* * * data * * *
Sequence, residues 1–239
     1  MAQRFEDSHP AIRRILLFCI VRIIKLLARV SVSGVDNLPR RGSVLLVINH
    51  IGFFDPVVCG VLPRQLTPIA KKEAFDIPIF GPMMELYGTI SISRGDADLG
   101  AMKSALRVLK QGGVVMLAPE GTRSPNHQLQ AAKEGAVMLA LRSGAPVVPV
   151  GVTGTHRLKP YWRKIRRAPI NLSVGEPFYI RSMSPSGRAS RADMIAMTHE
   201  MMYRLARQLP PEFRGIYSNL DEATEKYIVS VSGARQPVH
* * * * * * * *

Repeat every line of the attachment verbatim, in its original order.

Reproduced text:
Sequence, residues 1–239
     1  MAQRFEDSHP AIRRILLFCI VRIIKLLARV SVSGVDNLPR RGSVLLVINH
    51  IGFFDPVVCG VLPRQLTPIA KKEAFDIPIF GPMMELYGTI SISRGDADLG
   101  AMKSALRVLK QGGVVMLAPE GTRSPNHQLQ AAKEGAVMLA LRSGAPVVPV
   151  GVTGTHRLKP YWRKIRRAPI NLSVGEPFYI RSMSPSGRAS RADMIAMTHE
   201  MMYRLARQLP PEFRGIYSNL DEATEKYIVS VSGARQPVH